25-6-           ”             ”                   Jacob Simmons            Bark Recovery         None

3-7-             ”              ”                   Daniel Every                 Bark  Hopewell        1 passenger

Image (797)

Sabans were captains from very young ages. Here sitting on the railing is Capt. Laurie Hassell, then 19, and he was captain of his father’s (Captain Ben) schooner the “Mona Marie” sailing out of Barbados all the way to Guyana, Turks &Caicos islands, Jamaica, Saba and so on.

3-7-             ”              ”                    Thomas Simmons        Bark Speedwell       None

4-7-             ”             ”                     William Winfield             Bark  Zeebloem  1 cargo house furniture

23-7-            ”             ”                     Daniel Every                Bark   Hopewell     None

21-7-           ”              ”                     William Winfield           Bark  Zeebloem 6 passengers

21-7-           ”              ”                      Hermanises Mulder     Schooner  Union 12 passengers

31-7-            ”              ”                    Daniel Wingort             Bark  Three Sisters   None

6-8-              ”              ”                    Henry Hassell               Bark Charles&Elizabeth  None

12-9        1744          Saba                Daniel Every                Bark  Hopewell              None

Image (423)

Sabans built their own schooners and sloops from very early on and up until recent times when smaller fishing boats were built in the villages and carried down to the sea for launching and to fish the Saba Bank.

26-9-         ”                 ”                  Hermanus Mulder           Bark   Duijt                    None

30-10        ”                  ”                  James Every                   Bark   Hopewell           None

30 -10           ”                 ”                   Charles Simmons          Bark    Recovery          None

9-10-          ”                  ”                 Charles Simmons             Bark Speedwell           4 passengers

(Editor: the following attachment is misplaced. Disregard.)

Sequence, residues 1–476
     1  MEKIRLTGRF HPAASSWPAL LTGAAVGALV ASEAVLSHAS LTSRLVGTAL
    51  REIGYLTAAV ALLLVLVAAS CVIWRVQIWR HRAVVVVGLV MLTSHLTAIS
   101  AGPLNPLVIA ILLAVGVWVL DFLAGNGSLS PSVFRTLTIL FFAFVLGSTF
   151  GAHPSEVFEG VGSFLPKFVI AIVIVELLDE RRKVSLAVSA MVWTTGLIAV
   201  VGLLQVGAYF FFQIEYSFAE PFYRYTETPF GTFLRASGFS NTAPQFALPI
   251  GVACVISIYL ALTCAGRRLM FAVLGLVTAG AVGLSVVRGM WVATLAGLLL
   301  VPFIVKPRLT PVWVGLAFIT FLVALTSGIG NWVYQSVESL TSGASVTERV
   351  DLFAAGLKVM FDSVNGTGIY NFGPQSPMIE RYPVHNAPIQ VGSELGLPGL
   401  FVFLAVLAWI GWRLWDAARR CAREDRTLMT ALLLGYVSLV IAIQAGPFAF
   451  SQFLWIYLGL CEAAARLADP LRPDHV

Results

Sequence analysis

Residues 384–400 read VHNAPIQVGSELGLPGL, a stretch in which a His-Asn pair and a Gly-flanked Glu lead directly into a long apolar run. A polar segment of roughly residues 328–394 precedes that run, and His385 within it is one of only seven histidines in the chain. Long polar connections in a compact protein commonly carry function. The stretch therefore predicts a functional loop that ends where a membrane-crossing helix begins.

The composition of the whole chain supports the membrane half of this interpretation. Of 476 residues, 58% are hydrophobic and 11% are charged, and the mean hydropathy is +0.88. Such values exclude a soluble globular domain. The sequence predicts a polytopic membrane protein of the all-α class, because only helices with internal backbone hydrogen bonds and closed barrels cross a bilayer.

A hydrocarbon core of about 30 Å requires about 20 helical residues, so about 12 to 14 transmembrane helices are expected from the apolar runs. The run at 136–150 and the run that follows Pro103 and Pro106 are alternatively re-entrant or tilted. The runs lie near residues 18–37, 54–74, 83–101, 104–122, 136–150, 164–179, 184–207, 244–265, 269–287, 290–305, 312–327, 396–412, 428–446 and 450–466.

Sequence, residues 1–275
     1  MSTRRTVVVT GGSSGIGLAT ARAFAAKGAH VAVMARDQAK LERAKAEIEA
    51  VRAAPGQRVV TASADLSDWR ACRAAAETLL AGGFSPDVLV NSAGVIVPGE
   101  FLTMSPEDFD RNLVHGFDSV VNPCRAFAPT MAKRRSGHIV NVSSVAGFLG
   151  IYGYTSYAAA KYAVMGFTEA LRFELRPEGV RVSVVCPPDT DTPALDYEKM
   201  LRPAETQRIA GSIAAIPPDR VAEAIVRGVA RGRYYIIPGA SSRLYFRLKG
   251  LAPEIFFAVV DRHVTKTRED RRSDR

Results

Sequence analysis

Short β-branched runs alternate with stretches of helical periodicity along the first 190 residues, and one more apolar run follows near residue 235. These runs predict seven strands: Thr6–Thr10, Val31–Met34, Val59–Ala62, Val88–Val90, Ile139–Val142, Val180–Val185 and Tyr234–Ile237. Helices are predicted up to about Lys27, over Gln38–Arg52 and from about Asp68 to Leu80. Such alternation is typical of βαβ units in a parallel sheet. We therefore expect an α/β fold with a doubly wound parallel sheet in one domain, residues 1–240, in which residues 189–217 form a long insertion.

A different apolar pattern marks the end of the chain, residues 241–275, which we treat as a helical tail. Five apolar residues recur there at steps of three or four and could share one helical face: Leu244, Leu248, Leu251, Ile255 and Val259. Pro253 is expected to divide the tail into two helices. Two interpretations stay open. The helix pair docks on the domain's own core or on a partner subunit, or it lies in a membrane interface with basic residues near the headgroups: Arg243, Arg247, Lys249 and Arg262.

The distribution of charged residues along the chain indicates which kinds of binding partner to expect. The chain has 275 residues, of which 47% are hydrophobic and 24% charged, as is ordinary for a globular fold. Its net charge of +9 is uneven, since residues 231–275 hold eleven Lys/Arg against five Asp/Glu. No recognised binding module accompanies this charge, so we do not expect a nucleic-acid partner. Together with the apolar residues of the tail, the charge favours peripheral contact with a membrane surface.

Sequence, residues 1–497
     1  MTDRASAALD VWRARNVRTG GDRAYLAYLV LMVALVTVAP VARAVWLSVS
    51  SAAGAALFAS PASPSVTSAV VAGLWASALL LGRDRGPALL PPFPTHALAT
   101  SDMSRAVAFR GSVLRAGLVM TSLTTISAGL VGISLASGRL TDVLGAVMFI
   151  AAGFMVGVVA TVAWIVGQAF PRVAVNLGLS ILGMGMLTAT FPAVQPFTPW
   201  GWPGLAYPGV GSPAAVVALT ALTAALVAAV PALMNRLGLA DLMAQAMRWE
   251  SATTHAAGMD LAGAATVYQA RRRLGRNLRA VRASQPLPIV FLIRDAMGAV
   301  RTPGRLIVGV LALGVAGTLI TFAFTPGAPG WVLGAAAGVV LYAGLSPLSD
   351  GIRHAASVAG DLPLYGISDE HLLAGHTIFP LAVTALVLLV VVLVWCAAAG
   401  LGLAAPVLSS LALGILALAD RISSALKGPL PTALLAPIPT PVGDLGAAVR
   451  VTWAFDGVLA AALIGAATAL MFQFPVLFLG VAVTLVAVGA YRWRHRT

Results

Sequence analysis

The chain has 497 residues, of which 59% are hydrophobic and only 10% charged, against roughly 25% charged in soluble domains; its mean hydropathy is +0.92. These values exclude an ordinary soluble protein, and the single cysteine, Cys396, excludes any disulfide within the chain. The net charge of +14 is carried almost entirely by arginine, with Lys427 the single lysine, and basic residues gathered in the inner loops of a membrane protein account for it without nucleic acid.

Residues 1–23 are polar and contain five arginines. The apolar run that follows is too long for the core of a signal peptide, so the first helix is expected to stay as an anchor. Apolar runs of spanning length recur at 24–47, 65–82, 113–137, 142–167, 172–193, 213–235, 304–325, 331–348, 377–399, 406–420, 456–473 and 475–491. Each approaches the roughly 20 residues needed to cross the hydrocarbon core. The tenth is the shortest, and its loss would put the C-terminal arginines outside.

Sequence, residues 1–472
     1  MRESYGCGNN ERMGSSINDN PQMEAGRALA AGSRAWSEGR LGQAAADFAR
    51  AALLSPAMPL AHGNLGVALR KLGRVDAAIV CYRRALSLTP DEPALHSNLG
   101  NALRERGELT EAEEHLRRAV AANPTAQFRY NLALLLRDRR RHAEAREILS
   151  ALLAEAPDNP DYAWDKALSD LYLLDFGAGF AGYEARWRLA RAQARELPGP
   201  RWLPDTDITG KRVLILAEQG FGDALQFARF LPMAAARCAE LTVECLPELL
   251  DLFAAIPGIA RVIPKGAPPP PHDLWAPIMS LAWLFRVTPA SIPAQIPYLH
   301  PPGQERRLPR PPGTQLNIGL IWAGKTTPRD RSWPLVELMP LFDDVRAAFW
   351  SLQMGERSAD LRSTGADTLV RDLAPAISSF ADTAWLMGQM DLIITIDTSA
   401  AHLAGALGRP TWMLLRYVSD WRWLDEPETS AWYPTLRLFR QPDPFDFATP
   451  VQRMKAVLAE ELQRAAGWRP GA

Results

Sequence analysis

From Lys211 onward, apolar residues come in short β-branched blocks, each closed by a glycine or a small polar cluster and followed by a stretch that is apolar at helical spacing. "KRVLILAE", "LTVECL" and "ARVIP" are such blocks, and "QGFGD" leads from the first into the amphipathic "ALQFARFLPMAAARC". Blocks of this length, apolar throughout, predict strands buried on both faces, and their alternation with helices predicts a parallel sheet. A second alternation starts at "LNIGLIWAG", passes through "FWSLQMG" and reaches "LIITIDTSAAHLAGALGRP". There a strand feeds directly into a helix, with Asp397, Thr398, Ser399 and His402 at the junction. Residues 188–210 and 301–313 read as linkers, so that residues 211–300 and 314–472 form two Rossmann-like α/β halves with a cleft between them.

14-10-        ”                  ”                  Jacob Simmons               Bark Recovery             None

25-10-        ”                  ”                   Charles Simmons           Bark   Speedwell          None

9-10-          ”                 ”                   Jacob Simmons                ”         Recovery           None

1-11-          ”                 ”                    Charles Simmons             ”        Speedwell             ”

4-11-          ”                 ”                    William Winfield                 ”         Speedwell           ”

13-11-        ”                ”                     Charles Simmons              ”          Speedwell       3 passengers

19-11-         ”                ”                     Charles Simmons             ”         Speedwell        None

Image (1716)

Originally this family is supposedly descended from the Dutch Van der Poel listed here. However the name was Anglicized from very early on to Vanetrpool, as when this family came to Saba in the early to mid eighteen hundreds from Virgin Gorda in the British Virgin Islands the name was already spelled as Vanterpool. As a family they owned the most large schooners which conducted trade with Curacao and New York.

20-11       1744          Saba                 Jacob Simmons                ”      Recovery           None

4-12-          ”               ”                         Hercules Hassell             Twee Vrienden            ”

5-12-           ”              ”                        Charles Simmons              ” Speedwell         700lbs cotton, 1 barrel rum

11-12-         ”              ”                         Philip Watkins               Schooner   Paket       None

12-12-         ”              ”                         Jacob Simmons             Bark   Recovery        None

24-12-         ”              ”                         Jacob Valaen                 Bark   Hopewell        None

24-12-          ”              ”                         Daniel Hassell                Bark Speedwell       None

Dorothy Palmer

This was life at sea for most Sabans in former times. This is a large schooner the “Dorothy Palmer” at sea. Sabans like Capt. Lockland Heyliger were captains of the Palmer fleet. He was Captain of the large five masted Rebecca Palmer. Life at sea was not easy but had its rewards as many of our captains lived well into their nineties before moving on to larger oceans to conquer.

And so we present you with this tidbit of information for the trade between St. Eustatius and Saba for the year 1744.